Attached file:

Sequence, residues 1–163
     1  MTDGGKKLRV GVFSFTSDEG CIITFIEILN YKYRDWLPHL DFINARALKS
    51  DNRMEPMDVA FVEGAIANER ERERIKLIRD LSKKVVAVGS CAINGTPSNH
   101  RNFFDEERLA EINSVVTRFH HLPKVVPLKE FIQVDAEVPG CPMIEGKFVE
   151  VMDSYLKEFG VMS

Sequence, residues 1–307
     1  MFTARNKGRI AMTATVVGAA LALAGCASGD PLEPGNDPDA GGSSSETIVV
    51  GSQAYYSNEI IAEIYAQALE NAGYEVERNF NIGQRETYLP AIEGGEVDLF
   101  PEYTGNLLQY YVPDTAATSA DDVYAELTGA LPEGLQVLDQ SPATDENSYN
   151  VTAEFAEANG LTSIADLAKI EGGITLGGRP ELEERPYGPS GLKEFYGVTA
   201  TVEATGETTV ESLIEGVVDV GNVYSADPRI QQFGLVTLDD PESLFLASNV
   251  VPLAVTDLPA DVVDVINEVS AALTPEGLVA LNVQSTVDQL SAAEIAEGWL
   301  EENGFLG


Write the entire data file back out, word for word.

Sequence, residues 1–163
     1  MTDGGKKLRV GVFSFTSDEG CIITFIEILN YKYRDWLPHL DFINARALKS
    51  DNRMEPMDVA FVEGAIANER ERERIKLIRD LSKKVVAVGS CAINGTPSNH
   101  RNFFDEERLA EINSVVTRFH HLPKVVPLKE FIQVDAEVPG CPMIEGKFVE
   151  VMDSYLKEFG VMS

Sequence, residues 1–307
     1  MFTARNKGRI AMTATVVGAA LALAGCASGD PLEPGNDPDA GGSSSETIVV
    51  GSQAYYSNEI IAEIYAQALE NAGYEVERNF NIGQRETYLP AIEGGEVDLF
   101  PEYTGNLLQY YVPDTAATSA DDVYAELTGA LPEGLQVLDQ SPATDENSYN
   151  VTAEFAEANG LTSIADLAKI EGGITLGGRP ELEERPYGPS GLKEFYGVTA
   201  TVEATGETTV ESLIEGVVDV GNVYSADPRI QQFGLVTLDD PESLFLASNV
   251  VPLAVTDLPA DVVDVINEVS AALTPEGLVA LNVQSTVDQL SAAEIAEGWL
   301  EENGFLG